11. 1:32 Sopwith Pups of the RFC Pheon Decals Catalogue 32013 Available from Pheon Decals for £10.50 Pheon Website: www.pheondecals.com Email for purchase. After the recent Pups 'Trainers and Pets' review we did here at SP&R, we thought your eyes perhaps needed a contrast for this next article. With more straight and sober colours, but certainly no less interesting, today we publish our look at the 'Sopwith Pups of the RFC' decal set. Despite first glances, there some rather unusual aircraft depicted here, and surely something that would pique your interest. As with all Pheon Decal sets, this release is packaged into a large zip-lock wallet, and has an inkjet-printed cover sheet showing the supplied scheme port-side profiles. Look a little closer, and you'll notice a couple of peculiarities. We'll discuss those in the scheme breakdown shortly. Also inside the wallet are THREE glossy colour profile sheets. Two of these contain larger and more detailed profiles than on the cover sheet, whilst the third sheet illustrates each machine in upper plan form. The first scheme already displays on of the oddities applicable to this set, and that is the inclusion of a Lewis gun mounted over the top wing, in addition to the regular fuselage-mounted Vickers gun. The airscrew also has a small, rounded spinner fitted too. This machine, as with all other options on this set, is finished in a standard, overall PC10, with the lower surfaces in clear doped linen. There are strut and cowl variations in colour with all schemes, with this specific one wearing a blue cowl, with badly worn paint, displaying the aluminium beneath. Option 2 has a completey PC10 and CDL finish, including the cowl, but outer wing struts are fitted with streamers. The cowl itself, whilst shown in profile as complete, is also shown in section as having the lower portion cut away to aid engine cooling. I would perhaps opt for the latter, probably because I'm quite a fan of anything out of the ordinary. Option 3 has natural metal cowl panels and engine cowl to supplement the regular PC10/CDL scheme. This particular machine was recalled from European combat in order to counter Gotha raids. Having been unsuccessful generally, this machine, and presumably others, were returned to European combat, where this aircraft was badly damaged after being shot down. If you aren't great at weathering models, then Option 4 is probably designed for you. This machine was lost in combat after only 4 days active service, so certainly not enough time to sully that PC10 and CDL too much. Luckily, the pilot survived, became a POW, but eventually escaped to Switzerland. The cowl panels and engine cowl appear to have been painted grey. The last scheme, Option 5, is without doubt the most unusual bird of this set. A little more work will be needed here as this is, unusually, a Gnome Monosoupape-powered aircraft. You don't get one of these engines in your box, so unless you want to rob one from an Eindecker kit, you'll be best served by buying the Taurus kit for this engine. We reviewed this HERE. Now, you might just find that you'll need a custom cowl too, and thankfully, Pheon can supply one for you, or they can be bought from Brian Fawcett. This machine does look quite elegant with this cowl, so perhaps an option for you? This aircraft displays the South Wales Borderer's emblem, which was that of its pilot Lt. A.B.Garnon-Williams, and the machine sported polished forward cowl and engine panels. The Pheon instruction manual is always a delight, and this one is of course a little lighter than that which accompanied last week's 'Trainers and Pets' review, weighing in at a mere 6 pages. Rowan forgoes the usual historical passage in favour of pointing the modeller to the notes which are printed with the WNW kit itself. An explanation as to the best way to deploy your decals is also provided, including general colour notes. Each machine is given a number of descriptive paragraphs which highlight the basic machine history and deployment, plus the various colour options available. This is a relatively simple set, and some machine history is scant. The schemes supplied are: B2162, 66 Sqn RFC, Estrée-Blanche, 2/Lt. W.A. Pritt, France, September 1917 B1703, 66 Sqn RFC, Capt. J.O. Andrews, Vert Galand, France, June 1917 B1716, 46 Sqn RFC, 2/Lt. F.B. Barager, France, June 1917 A6194, 66 Sqn RFC, Capt. L.H. Smith, France May 1917 B1803, 113 HD Sqn, 2/Lt. A.B. Garnon-Williams, Throwley, England, August 1917 The decals This is a smaller sheet than I've seen since I began to review Pheon Decals sets, being A5 in size, as opposed to the usual A4. Printed by Fantasy Printshop, the decals are superbly thin, contain minimal carrier film, are solid in colour and in perfect register. The colours are also authentic and not at all too vivid. Roundels are printed with separate red centres too. There are actually roundels for only one machine, but of course, you can supplement these with the WNW decals, should you wish to build more than one of these schemes. If you prefer the way that Pheon have depicted their roundels and tail stripes, with regard to colour, then you can purchase additional roundel and stripe sets. The code is 32013a, and these sell for £4.50 per sheet. Conclusion Again, another classy set which has as much research fed into it as is possible with today's historical information. Rowan has picked some rather nice schemes which have provenance as to combat duties and pilot information, as well as being happy to challenge the modeller further with the inclusion of a Gnome Monosoupape powered machine. This would look particularly interesting on the model club stand, alongside regular Pup versions. Add to this a rather low cost for this set, and you're onto a winner. What is there not to like? Very highly recommended Our sincere thanks to Pheon Decals for the review sample used here.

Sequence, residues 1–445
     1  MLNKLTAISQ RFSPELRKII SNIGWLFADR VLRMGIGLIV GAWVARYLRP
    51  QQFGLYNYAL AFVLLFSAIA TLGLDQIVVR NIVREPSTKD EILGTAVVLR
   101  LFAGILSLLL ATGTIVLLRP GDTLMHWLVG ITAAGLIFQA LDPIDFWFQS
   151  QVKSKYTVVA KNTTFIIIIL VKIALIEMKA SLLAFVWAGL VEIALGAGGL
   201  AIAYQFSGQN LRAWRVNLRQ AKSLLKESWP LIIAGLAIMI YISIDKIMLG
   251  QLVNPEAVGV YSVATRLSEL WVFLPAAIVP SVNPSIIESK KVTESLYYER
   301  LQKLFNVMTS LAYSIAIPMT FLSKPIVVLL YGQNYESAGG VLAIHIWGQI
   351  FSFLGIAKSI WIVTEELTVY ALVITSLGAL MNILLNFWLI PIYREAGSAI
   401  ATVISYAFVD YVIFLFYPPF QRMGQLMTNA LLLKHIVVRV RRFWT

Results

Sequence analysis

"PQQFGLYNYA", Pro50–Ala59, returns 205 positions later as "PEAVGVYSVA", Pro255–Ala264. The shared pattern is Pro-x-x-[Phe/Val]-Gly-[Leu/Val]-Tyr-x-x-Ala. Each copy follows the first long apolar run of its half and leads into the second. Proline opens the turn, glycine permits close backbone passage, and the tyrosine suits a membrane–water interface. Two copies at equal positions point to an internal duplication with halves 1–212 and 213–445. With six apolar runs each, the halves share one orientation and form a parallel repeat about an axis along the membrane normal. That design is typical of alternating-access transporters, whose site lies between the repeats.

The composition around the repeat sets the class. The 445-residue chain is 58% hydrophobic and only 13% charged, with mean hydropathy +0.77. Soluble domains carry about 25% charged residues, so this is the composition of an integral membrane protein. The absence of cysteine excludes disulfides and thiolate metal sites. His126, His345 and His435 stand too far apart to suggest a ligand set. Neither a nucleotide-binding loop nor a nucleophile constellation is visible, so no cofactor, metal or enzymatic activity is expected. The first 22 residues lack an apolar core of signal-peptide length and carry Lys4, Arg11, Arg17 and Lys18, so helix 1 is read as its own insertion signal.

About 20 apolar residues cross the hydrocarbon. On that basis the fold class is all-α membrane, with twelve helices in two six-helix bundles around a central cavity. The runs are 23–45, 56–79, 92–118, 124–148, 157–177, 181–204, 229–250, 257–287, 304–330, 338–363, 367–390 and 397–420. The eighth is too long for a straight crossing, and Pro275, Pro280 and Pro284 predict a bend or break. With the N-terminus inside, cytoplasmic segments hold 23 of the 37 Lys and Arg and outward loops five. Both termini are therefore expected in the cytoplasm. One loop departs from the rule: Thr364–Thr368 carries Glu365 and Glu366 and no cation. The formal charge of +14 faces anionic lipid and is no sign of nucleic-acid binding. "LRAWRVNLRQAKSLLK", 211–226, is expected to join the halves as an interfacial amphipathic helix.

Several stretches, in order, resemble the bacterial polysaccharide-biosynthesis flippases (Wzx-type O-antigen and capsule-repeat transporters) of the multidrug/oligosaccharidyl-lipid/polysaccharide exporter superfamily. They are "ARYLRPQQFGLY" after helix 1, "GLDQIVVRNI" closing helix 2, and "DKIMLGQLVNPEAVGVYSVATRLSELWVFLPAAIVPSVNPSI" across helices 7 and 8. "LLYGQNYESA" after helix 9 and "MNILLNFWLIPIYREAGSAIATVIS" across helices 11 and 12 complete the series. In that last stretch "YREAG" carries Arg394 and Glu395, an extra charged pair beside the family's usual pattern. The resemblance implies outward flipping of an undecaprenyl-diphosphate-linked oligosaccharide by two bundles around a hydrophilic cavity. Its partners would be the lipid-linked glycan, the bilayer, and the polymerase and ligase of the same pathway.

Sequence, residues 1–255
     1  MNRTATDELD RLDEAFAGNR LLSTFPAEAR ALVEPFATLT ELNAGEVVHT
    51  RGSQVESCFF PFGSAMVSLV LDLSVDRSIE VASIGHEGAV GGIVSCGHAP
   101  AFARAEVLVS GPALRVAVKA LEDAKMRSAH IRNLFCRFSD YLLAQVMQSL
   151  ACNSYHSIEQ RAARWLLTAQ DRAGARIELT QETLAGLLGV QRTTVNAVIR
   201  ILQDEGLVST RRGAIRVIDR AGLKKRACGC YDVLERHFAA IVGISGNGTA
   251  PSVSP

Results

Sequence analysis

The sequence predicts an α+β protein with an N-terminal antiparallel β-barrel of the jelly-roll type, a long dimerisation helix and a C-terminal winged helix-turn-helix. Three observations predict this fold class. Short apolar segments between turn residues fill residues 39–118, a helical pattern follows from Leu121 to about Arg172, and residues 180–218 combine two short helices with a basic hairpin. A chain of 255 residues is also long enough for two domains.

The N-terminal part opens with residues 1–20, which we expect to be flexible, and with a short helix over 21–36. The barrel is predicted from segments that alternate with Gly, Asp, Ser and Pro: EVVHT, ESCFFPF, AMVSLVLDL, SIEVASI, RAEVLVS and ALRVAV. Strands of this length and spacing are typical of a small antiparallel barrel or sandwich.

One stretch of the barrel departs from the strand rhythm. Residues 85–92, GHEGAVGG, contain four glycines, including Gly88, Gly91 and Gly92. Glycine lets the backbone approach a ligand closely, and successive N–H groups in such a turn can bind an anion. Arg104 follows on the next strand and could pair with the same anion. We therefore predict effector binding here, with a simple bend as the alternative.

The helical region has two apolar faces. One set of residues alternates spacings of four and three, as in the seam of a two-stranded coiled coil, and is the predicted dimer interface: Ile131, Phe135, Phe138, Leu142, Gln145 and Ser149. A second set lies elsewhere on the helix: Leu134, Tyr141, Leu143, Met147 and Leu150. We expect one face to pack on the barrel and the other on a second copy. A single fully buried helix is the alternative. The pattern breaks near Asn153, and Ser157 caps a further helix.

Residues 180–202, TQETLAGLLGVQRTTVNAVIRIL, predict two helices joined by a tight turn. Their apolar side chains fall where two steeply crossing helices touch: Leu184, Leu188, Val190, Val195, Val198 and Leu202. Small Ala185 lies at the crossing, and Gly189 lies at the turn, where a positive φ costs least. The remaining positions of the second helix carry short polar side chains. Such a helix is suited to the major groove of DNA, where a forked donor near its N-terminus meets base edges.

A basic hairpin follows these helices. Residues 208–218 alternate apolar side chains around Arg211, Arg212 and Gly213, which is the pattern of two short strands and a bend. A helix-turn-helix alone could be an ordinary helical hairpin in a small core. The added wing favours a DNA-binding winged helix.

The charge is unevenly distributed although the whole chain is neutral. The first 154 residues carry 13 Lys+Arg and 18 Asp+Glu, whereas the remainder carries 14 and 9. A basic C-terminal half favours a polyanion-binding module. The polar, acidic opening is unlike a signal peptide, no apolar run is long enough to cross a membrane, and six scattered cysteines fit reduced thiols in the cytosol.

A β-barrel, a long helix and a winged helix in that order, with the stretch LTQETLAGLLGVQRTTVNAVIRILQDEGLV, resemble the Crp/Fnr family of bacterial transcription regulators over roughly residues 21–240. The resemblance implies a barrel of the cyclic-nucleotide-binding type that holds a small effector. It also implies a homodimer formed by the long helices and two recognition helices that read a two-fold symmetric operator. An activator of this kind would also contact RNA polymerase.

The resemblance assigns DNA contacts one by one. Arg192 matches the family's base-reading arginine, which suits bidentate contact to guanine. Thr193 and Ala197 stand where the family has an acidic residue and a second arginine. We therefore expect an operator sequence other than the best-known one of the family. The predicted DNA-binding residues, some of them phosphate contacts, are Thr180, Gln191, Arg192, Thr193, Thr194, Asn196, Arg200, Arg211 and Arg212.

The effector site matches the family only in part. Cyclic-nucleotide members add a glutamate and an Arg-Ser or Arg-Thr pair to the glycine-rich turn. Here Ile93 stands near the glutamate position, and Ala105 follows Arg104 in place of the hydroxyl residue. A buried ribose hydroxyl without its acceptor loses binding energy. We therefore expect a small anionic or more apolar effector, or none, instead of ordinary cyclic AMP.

12. 1:32 Sopwith Pup Trainers and 'Pets' of the RFC Pheon Decals Catalogue # 32015 Available from Pheon Decals for £17.50 Pheon Website: www.pheondecals.com Email for purchase. If you think of RFC machines as being solely combinations of PC10/12 with linen undersides, then this set from Pheon Decals should put paid to that illusion. Yes, I suppose most aircraft operated by the RFC and early RAF were indeed combinations of those colours, but it didn't stop a little experimentation and even humour appearing in some of those early aircraft. This set isn't a new release, but it is a re-print of a set which was very popular when first released in 2010. The only issue here is that Wingnut Wings was a company that was only a year old, so many modellers new to this genre since then, and since this set first went out of print, may well have been unfortunate enough to miss this. To that end, we're delighted that Pheon have agreed that we can trumpet this release to newer converts to WW1 aviation modeling. As the Pheon manual for this set sates, we won't go into the history of these machines here, but will point you towards the review we published for the RNAS Pup kit in these links. Absorb a little about the actual type, and our analysis of these releases. As with all Pheon Decals releases, this comes in a large zip-lock envelope with a printed cover sheet showing the schemes in a smaller format. The pack contains the various A4 sheets and large decal sheet within. These sets aren't insubstantial either. If you're used to aftermarket decal sets, as I am, then surely there can't be many manufacturers which add so much beautifully presented and informative material within. Inside the pack, there are FIVE fabulously glossy sheets which show the SEVEN schemes available within this pack, plus also a detail sheet which gives the various changes that need to applied to the kit in order to produce those schemes. An A4 decal sheet is the crowning glory, with of course one of the famously detailed Pheon manuals, containing 14pages of information. More on that soon, but let's look at the scheme sheets first. Rowan sure knows how to kick off the party. The first scheme up could be arrested for being too loud in a built-up area after 9pm. Seriously, this takes bright schemes to the extreme, in a strangely beautiful way. The Pup in question is actually dressed in patriotic red, white and blue bands, with red wings lined in blue trim, and the Union Flag being sported just to the rear of the engine cowl. The wheels hubs have spirals and one side, and a radiating pattern on the reverse. This aircraft commands attention. As it was probably a post-war machine, of course, it would have been under the auspices of the RAF, and it was actually a training machine operated from a flying school. The machine is also unarmed, leaving beautifully smooth lines to the fore of the cockpit, and with a windshield installed. The detail sheet does show that you'll need to create a small pointed spinner to attach to the red, white and blue airscrew. So taken am I with this scheme, that I'll build this one fairly soon. The spinner will be courtesy of Magic Sculp. With the exception of two machines, all the schemes supplied here are unarmed. One machine carries its single gun mounted on a bracket above the top wing. The additional detail sheet again shows this detail clearly. Options 2 and 3 are entirely black, with individual motifs, whilst both are liberally sprinkled with stars, supplied as separate decals here. Again, there are changes which will need to be applied to the base kit, including a curious luggage area to the rear of the pilot, on one machine. Some other local variations apply in colour, such as one machine having a doped linen finish on the underside, but all variations are clearly shown in detail form, and also on both the side profile and upper plan sheets which are included. Option 4 is a little more sober in appearance, but nonetheless attractive. Operating from Joyce Green , I was flown by James McCudden who fitted this machine with a Lewis gun over the top wing. A rather unusual streamlined windscreen was also fitted. Details supplied on the supplied data sheets. McCudden brought down a Gotha with this machine. The aircraft is painted in pale blue, with PC10 uppers. You'll need to source the Lewis from the RNAS Pup kit, or from the LVG C.VI kit which has a spare, although the latter kit is now sadly OOP. Option 5; This aircraft is finished in an aluminium dope scheme, and was fitted with strut streamers. Very attractive indeed. Option 6 is mostly white, with a red cowl. Again, a spinner will need to be made for this simple but very attractive option. Option 7 was an all blue Pup, with silver cowls. Rowan explains that the shade of blue is open to question due to the representation of blue from orthographic film. This gives the user a little freedom to tailor this to suit personal appeal, but Rowan does cite blue colour VB3 a strong possibility. Ultimately, if someone critiques your shade, ask them to provide you with proof-positive. As well as the large side profile sheets (with additional cutaway information), we are also given TWO glossy sheets which depict the Pup from above, to help with those all-important individual details. In addition to this, another glossy sheet provides you with another sheet which highlights the additional equipment added to the night fighter machines. The last sheet I already mentioned a few time here provides the modeller with other detail such as gun mounts, windshields, fuselage hatches, spinners and the luggage panel mentioned for one of the night fighter aircraft. The 14 page manual is simply superb. This starts with a little additional information about the non-standard Pup aircraft, and then explains the best way to apply these decals, as well as general colour notes, and tips on where you should/could weather your model. Each aircraft scheme is described in detail, from a little historic detail, so full blown explanations of the scheme, backed up with as much reference as Rowan can find. Of course, where there are uncertainties, Rowan mentions these too. Your model may need to be modified for a scheme. For this, you will be given written descriptions of these changes, backed up with the printed diagrams. Some schemes are a little involved, such as Option 1. Where this applies, a description of the best order of application is given, as well as notes of where trim lines fit. This is very comprehensive. In relation to Option 1, Rowan does say that a mistake was made on the decals. The intention was for the roundel location on the side fuselage panels to have a blank area in which to add the roundel. Applying this over the stripes may well mean that you can see the stripes through the white roundel areas. Two ways to fix this are to either cut out the roundel location from the side panel, or to add a white disc before the roundel. In respect to that, Pheon have produced a white background decal for the night fighter moon scheme so that this doesn't take on a grey hue. I can't see this on the sheet, so contact Pheon if this is your chosen scheme. The schemes are: D4077, Central Flying School, unknown pilot, date uncertain (possibly post-war) C305 189 (Night) Training Squadron, Sutton's Farm, 1918 C312 189 (Night) Training Squadron, Sutton's Farm, 1918 A7311, Joyce Green, James MuCudden, July 1917 C354, Hainault Farm, unit and pilot unknown, date uncertain, 1918 – early 1919 C374, no history known D4073, CFS Upavon, pilot unknown and date uncertain The decals: All these schemes are presented on a single A4 sheet, superbly printed by Fantasy Printshop. Printing is beautifully thin, crisp and entirely in register. The decals aren't numbered, but it's obvious what applies to each specific scheme. Whilst decals aren't numbered, there are a few trim lines which are given a letter identifier. These trims apply to tailplane and wings. This sheet also includes a number of national markings, again meaning that you can certainly build more than one scheme from this set, comfortably. In fact, without counting every decal, I venture you can pretty much build them all. Roundels with white inners have their red centres printed separately, and the whites also aren't vivid, meaning no having to tone them down. No stencils exist here, so you will need to use them from the excellent ones provided in the kit. The most laborious job will be adding the stars to the night schemes, but ultimately, very rewarding. Conclusion I am so pleased to have this opportunity to see this earlier release from Pheon, and nothing here disappoints. The schemes are intelligently chosen, and their reference as complete as you can find. The decal break-down is also very, very good, despite the need to remove the roundel position from the Option 1 fuselage decals. This set probably represents the most outlandish paint-jobs that ever adorned the RFC Pup, and will surely signify a spike in sales of the kit for WNW. Very highly recommended James H Our sincere thanks to Pheon Decals for the review sample.